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Nana Akufo-Addo

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Nana Akufo-Addo
Akufo-Addo in 2020
5th President of Ghana
Assumed office
7 January 2017
Vice PresidentMahamudu Bawumia
Preceded byJohn Dramani Mahama
35th Chair of the Economic Community of West African States
In office
2 June 2020 – 3 July 2022
Preceded byMahamadou Issoufou
Succeeded byUmaro Sissoco Embaló
Minister of Foreign Affairs
In office
1 April 2003 – 1 July 2007
PresidentJohn Kufuor
Preceded byHackman Owusu-Agyeman
Succeeded byAkwasi Osei-Adjei
Attorney General of Ghana
In office
7 January 2001 – 1 April 2003
PresidentJohn Kufuor
Preceded byObed Asamoah
Succeeded byPapa Owusu-Ankomah
Member of Parliament
for Akim Abuakwa South
In office
7 January 2005 – 6 January 2009
Preceded byConstituency established
Succeeded bySamuel Atta Akyea
Member of Parliament
for Abuakwa
In office
7 January 1997 – 6 January 2005
Preceded byConstituency established
Succeeded byConstituency abolished
Personal details
William Addo Dankwa Akufo-Addo

(1944-03-29) 29 March 1944 (age 80)
Accra, Gold Coast (now Ghana)
Political partyNew Patriotic Party
Remi Fani-Kayode
Eleanor Nkansah-Gyamenah
(m. 1997)
ResidenceJubilee House
WebsiteCampaign website

Nana Addo Dankwa Akufo-Addo (/æˈkʊf ɑːˈd/ a-KUUF-oh ah-DOH;[1] born 29 March 1944) is a Ghanaian politician who has served as the president of Ghana since 2017.[2][3][4][5] He previously served as Attorney General from 2001 to 2003 and as Minister for Foreign Affairs from 2003 to 2007 under the Kufuor-led administration.[6]

Akufo-Addo first ran for president in 2008 and again in 2012, both times as the candidate of the New Patriotic Party (NPP). He lost on both occasions to National Democratic Congress' candidates: John Evans Atta Mills in 2008 and John Dramani Mahama in 2012. After the 2012 general elections, he refused to concede and proceeded to court to challenge the electoral results, but the Supreme Court of Ghana affirmed Mahama's victory.[7]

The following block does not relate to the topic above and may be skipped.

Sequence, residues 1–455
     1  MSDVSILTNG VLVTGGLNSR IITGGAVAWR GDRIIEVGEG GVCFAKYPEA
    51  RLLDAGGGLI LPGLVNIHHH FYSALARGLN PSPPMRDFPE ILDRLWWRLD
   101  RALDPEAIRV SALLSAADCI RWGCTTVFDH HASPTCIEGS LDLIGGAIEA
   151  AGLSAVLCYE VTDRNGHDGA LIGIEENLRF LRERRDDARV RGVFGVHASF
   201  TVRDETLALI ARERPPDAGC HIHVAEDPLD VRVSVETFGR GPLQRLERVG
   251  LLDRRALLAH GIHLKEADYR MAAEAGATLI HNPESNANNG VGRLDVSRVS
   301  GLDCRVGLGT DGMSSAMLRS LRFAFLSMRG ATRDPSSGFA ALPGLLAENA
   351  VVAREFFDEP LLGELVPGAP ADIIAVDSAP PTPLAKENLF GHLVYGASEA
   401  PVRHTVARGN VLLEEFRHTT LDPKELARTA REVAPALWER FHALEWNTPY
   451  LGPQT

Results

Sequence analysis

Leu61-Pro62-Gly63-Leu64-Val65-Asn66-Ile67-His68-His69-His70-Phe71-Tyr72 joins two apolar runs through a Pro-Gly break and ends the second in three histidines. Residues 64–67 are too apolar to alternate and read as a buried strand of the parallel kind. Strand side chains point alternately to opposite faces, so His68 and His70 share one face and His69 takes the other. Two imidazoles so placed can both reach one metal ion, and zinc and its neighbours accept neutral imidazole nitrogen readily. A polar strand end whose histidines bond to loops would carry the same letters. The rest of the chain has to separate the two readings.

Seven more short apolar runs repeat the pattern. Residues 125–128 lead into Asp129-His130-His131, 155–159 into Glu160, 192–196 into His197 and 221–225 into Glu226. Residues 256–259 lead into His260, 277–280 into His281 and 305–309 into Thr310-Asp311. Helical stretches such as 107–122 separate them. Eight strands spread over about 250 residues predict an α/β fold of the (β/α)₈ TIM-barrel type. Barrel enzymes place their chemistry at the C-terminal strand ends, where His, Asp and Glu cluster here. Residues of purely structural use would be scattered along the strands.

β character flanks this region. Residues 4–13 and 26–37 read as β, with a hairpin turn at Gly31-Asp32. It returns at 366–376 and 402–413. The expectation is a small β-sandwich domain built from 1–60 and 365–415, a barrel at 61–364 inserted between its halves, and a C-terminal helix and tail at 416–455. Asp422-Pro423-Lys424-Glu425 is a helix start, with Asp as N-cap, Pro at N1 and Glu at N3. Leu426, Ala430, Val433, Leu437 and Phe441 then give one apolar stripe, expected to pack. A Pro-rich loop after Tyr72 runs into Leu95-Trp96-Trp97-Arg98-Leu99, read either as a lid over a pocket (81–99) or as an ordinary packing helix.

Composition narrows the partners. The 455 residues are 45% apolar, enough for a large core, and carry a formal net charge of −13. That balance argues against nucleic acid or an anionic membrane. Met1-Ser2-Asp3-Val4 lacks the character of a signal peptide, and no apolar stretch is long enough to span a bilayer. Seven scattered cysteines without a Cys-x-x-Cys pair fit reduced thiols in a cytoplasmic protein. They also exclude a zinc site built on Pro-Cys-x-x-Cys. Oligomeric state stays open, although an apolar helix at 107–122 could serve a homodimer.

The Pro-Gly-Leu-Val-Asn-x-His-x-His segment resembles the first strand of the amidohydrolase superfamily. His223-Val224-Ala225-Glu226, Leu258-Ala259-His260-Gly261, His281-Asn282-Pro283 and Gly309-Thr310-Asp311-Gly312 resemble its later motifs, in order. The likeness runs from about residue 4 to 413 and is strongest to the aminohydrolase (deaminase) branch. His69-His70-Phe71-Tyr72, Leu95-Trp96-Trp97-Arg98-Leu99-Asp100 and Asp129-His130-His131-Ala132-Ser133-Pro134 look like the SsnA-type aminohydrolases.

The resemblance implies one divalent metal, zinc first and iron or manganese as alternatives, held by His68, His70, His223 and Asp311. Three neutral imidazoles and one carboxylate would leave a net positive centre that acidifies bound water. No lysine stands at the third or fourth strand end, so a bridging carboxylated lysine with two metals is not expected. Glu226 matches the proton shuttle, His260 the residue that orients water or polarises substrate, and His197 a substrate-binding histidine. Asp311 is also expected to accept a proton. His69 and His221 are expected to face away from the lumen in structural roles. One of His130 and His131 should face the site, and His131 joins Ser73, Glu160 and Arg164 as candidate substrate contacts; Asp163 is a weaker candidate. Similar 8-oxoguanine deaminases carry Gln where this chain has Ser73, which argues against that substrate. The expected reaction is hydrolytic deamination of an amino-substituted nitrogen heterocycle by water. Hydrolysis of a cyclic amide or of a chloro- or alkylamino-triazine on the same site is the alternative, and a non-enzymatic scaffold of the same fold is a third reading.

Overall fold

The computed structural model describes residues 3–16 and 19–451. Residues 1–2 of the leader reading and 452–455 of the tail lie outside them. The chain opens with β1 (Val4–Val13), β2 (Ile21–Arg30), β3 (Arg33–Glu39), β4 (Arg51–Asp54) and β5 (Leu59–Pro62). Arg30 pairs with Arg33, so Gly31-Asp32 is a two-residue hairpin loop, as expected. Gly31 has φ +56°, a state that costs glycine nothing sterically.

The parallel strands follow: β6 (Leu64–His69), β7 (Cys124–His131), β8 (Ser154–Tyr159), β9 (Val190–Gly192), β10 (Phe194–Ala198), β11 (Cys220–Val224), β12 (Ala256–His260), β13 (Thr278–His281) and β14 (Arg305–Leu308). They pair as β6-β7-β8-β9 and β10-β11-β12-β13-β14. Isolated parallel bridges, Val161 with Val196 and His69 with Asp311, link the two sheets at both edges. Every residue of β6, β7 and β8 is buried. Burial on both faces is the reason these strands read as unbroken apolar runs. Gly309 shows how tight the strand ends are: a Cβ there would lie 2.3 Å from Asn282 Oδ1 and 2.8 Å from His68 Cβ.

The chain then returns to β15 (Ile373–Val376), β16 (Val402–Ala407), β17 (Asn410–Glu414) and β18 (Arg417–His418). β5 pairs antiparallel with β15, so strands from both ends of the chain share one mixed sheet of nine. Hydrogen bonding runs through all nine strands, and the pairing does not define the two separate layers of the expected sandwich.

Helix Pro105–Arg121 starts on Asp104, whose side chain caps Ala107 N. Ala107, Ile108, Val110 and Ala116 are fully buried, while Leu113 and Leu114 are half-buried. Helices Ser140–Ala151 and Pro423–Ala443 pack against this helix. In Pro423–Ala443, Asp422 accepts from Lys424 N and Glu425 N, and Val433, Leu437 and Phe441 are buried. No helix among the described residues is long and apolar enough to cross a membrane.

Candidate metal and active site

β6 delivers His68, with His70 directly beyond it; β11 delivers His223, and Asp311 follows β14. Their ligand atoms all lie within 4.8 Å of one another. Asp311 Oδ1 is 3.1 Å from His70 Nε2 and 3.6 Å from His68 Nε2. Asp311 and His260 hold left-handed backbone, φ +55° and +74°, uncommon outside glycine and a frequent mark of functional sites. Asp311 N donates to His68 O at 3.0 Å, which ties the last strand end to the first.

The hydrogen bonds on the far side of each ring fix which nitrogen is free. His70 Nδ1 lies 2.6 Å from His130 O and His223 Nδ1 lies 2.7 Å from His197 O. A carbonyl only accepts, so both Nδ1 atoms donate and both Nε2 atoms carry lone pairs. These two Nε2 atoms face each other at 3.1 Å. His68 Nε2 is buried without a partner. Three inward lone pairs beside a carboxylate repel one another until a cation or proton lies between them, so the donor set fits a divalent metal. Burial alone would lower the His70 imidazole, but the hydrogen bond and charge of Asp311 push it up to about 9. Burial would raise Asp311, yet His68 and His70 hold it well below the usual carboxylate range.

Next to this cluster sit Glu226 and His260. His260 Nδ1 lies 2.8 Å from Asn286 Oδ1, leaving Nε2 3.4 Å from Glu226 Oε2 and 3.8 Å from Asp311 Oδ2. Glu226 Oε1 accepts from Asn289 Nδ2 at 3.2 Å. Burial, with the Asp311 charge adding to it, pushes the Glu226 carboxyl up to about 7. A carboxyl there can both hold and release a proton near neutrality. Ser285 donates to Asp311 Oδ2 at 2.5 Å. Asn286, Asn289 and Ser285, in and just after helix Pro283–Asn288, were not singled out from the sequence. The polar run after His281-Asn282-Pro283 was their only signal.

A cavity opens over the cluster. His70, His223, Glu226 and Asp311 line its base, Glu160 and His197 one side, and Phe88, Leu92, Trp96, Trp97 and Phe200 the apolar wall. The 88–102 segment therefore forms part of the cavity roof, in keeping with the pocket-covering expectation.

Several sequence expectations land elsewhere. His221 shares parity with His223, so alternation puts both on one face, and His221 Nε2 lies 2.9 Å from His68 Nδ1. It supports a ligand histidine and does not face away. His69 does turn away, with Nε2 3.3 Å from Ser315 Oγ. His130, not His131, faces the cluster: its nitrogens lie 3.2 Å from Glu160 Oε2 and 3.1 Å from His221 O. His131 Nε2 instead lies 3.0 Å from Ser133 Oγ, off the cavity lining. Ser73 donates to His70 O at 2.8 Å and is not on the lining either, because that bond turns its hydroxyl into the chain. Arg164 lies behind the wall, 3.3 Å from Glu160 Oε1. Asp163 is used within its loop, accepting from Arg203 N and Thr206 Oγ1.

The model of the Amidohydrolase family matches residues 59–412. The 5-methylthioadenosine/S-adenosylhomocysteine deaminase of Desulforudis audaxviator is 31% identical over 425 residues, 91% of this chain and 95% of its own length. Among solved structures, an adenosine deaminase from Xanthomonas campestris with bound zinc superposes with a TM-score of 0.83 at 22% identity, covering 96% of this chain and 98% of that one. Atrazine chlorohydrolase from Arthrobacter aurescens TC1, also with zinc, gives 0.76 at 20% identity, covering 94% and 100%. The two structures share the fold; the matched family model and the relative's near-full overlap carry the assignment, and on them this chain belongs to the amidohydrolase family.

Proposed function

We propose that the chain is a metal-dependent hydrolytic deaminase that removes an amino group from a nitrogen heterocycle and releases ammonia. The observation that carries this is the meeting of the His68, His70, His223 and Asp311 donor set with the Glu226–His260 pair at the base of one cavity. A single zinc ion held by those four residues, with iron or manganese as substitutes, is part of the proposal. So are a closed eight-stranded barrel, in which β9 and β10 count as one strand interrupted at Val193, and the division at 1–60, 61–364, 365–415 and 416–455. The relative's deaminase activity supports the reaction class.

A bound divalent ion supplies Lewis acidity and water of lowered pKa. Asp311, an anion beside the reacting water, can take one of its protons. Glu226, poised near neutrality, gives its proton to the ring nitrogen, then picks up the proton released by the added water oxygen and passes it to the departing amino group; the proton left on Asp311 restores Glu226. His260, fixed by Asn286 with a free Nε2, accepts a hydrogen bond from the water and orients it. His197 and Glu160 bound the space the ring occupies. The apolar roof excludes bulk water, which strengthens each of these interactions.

He was chosen as the presidential candidate of the New Patriotic Party for a third time for the 2016 general elections, and this time he defeated incumbent Mahama in the first round (winning with 53.85% of the votes), which marked the first time in a Ghanaian presidential election that an opposition candidate won a majority outright in the first round.[8] It was also the first time that an opposition candidate had unseated an incumbent president. He again secured an outright majority in the first round of the 2020 general elections (winning with 51.59% of the vote), defeating Mahama for a second time.[9][10][11]

Akufo-Addo's Government initially drew broad popularity from the Ghanaian public; promoting a nationalistic 'Ghana beyond aid' agenda.[12] The latter part of his tenure has however been mired by the worst financial crises in a generation, with inflation reaching up to 40%.[13][14][15] His Government has attributed this to the Russo-Ukrainian War and the COVID-19 pandemic, however neutral observers point to mismanagement of public funds.[16][17][18] Press freedom has also significantly deteriorated under his tenure, with Ghana dropping from having the freest media environment in Africa in 2018 to 13th in the 2022 World Press Freedom Index by Reporters without Borders (RSF).[19] His government has been largely described as nationalistic, nepotistic and populist.[20][21][22]